ISBN: 9786029144338
Source: Personal copy, purchased in Indonesia for our book group by Halina – terima kasih banyak, Halina!

Available from the Lontar Foundation.


  1. Great post. Myths are fascinating and I have tried to read and familiarize myself with the myths of as many cultures as I can. This is one that I am unfamiliar with.

    This sounds well worth reading. I would also love to see the theatrical production.


    • Hi Brian:) I wish I’d seen it when it was here in Melbourne, I didn’t even know it was on…


  2. Hi Lisa,
    Thanks a lot for sharing. I La Galigo is criminally underappreciated, not least of all by the Bugis people themselves. I’m of Bugis descent, but I don’t speak the language and I don’t know the culture beyond the ceremonies which have survived and been transformed by modernization. Your opening paragraph hits me right in the heart because I do know more about Norse and Greek mythology, but I know nothing about I La Galigo. And, even worse, neither does anyone else! And I live in Makassar!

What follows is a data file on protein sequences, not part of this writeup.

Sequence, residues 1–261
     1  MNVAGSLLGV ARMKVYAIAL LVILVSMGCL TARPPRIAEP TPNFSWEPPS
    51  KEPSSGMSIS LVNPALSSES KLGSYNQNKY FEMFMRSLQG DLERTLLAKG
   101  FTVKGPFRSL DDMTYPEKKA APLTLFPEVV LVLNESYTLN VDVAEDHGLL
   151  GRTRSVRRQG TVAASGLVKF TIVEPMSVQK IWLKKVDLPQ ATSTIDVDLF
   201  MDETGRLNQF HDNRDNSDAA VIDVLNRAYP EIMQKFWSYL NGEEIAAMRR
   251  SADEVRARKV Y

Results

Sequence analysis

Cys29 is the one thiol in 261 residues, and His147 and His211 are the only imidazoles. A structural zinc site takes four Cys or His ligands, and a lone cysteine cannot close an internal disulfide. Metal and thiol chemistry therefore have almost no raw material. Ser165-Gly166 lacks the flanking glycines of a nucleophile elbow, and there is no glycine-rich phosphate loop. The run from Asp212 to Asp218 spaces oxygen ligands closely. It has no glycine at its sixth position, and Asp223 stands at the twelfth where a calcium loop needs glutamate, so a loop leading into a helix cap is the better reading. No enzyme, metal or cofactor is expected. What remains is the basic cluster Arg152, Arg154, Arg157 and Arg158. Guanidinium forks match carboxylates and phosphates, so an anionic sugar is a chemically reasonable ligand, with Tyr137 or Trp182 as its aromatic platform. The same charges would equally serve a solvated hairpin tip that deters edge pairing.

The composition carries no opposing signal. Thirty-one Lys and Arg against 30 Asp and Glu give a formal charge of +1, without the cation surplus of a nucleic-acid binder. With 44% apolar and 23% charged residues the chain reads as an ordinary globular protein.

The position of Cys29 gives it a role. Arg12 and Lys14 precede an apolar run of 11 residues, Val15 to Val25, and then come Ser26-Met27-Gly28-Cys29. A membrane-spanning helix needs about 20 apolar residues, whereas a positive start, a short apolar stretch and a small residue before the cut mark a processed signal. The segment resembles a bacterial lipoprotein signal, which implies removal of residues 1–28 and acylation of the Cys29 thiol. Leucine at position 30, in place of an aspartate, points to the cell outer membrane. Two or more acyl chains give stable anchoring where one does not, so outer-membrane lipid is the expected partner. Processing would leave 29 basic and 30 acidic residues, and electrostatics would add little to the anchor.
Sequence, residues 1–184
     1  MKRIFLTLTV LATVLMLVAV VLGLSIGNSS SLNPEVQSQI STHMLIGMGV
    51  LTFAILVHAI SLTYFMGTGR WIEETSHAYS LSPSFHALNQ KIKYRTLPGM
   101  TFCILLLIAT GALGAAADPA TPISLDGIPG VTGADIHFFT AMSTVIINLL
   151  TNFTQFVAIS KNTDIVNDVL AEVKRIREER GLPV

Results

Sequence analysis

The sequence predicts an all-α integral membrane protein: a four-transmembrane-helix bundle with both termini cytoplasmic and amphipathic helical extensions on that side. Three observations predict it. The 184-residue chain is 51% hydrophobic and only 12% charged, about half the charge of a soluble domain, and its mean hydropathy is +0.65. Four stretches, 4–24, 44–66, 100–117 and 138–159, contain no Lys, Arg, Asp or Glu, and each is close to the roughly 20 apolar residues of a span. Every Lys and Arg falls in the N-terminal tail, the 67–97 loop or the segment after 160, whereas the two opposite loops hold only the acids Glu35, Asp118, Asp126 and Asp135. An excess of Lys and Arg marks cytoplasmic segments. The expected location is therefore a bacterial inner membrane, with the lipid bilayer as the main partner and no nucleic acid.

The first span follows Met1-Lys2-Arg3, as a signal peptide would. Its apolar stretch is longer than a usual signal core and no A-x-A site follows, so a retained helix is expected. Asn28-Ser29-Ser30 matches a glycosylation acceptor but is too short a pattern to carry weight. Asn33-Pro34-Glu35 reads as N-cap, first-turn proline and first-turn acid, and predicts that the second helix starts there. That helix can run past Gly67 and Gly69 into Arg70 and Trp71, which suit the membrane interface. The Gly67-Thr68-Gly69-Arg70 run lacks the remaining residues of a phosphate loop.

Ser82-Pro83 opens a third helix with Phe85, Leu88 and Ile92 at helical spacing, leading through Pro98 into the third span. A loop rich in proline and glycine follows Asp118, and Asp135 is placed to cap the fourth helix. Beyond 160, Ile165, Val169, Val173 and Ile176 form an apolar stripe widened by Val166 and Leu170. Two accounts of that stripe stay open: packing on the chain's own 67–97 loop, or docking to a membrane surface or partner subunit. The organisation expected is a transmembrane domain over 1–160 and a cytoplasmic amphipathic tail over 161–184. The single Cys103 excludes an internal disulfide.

• Hello Andi, thanks for your comment.
      I suspect you are one of many people who don’t know much about their own history and culture: we Australians are notoriously bad at it. My generation learned British history at school, not Australian, and generations that came after me learned have a lot of catching up to do about our Black history. Fortunately we live in an era where we can learn these things even after we’ve left school, and there’s a sharing culture of knowledge readily available online if we want to take advantage of it. Salam hangat, Lisa